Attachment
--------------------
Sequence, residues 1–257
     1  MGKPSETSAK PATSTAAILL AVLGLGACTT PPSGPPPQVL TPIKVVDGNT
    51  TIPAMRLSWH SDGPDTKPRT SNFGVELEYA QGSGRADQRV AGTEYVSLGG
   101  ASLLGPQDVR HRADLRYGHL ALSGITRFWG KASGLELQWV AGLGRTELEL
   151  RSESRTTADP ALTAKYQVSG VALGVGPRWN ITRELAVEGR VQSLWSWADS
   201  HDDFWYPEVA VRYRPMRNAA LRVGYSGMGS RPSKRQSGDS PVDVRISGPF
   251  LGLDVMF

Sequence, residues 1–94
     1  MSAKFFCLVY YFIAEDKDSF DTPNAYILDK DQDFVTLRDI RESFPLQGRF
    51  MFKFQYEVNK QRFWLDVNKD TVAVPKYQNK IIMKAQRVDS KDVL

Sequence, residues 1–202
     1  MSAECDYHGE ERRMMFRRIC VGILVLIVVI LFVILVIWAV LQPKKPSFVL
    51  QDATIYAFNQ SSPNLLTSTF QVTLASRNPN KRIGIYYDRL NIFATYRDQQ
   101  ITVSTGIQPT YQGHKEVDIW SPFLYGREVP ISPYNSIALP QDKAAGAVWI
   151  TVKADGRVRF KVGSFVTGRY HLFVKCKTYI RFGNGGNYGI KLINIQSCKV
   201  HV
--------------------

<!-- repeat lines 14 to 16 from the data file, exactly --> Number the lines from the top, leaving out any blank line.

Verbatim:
   101  ITVSTGIQPT YQGHKEVDIW SPFLYGREVP ISPYNSIALP QDKAAGAVWI
   151  TVKADGRVRF KVGSFVTGRY HLFVKCKTYI RFGNGGNYGI KLINIQSCKV
   201  HV